On 18 September 2019, the Federal Government has announced the re-introduction of the once-off amnesty which is currently before the Parliament to encourage employers to voluntary disclose past non-compliance. This would apply to all employers who might have fallen behind in its payments or might have been underpaying superannuation guarantee for its employees.
If the Treasury Laws Amendment (Recovering Unpaid Superannuation) Bill 2019 legislation is enacted the amnesty period will cover the superannuation contributions in the period from 1 July 1992 to 31 March 2018. The Government’s intention is for the amnesty to apply since the start of the original amnesty period 24 May 2018 until six months after the legislation passes the Parliament.
Employers who take an advantage of the proposed amnesty would be able to claim:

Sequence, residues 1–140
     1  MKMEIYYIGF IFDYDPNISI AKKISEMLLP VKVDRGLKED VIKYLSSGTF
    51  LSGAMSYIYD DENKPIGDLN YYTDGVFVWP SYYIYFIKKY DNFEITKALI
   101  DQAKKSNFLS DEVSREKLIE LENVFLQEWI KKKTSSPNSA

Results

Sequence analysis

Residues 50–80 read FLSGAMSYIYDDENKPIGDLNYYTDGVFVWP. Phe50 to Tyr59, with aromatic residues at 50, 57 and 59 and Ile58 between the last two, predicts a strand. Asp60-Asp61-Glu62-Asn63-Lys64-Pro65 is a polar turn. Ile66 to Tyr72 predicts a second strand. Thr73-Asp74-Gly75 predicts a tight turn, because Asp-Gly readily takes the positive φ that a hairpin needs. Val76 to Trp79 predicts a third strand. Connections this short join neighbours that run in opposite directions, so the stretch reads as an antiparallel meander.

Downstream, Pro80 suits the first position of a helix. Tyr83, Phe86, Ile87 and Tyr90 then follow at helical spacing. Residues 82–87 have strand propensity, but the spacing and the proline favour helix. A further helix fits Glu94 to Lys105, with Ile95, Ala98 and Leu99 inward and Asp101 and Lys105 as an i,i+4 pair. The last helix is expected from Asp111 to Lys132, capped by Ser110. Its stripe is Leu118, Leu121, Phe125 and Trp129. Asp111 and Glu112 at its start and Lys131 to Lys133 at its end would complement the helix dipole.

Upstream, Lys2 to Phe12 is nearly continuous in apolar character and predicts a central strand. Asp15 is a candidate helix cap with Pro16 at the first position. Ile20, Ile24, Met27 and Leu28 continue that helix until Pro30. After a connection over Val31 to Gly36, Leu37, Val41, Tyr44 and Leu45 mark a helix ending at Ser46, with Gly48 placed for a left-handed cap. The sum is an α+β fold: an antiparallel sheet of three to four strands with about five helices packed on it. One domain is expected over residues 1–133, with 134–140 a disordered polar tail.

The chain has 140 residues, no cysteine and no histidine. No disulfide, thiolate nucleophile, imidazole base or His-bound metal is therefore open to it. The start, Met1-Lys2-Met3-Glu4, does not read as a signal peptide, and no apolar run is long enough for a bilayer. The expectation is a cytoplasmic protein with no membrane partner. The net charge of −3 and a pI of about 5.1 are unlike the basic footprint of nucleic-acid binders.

- the removal of the administrative penalty of the Superannuation Guarantee (SG) charge of AUD20 per employee per quarter
- ability to claim a tax deduction for the payment of underpaid SG during the amnesty period
- apply for a full reduction of penalties that may otherwise apply.
The ability to deduct the SG charge and the reduction in penalties under the amnesty could be significant for employers who might have underpaid superannuation guarantee for their employees. The employers will only be liable for the SG shortfall and a nominal interest component.
Given the proposed advantages of the amnesty, employers should take the initiative of this incentive and conduct the review of their payroll calculations and current processes in place to ensure that their employees are paid in accordance with their entitlements or engage an external tax advisor to assist with the superannuation review.
The amnesty will only apply to voluntary disclosures and would not apply to the audits that might have already been conducted by the ATO.
Our A&A tax team would be happy to assist with the review of your remuneration structure and payroll calculations.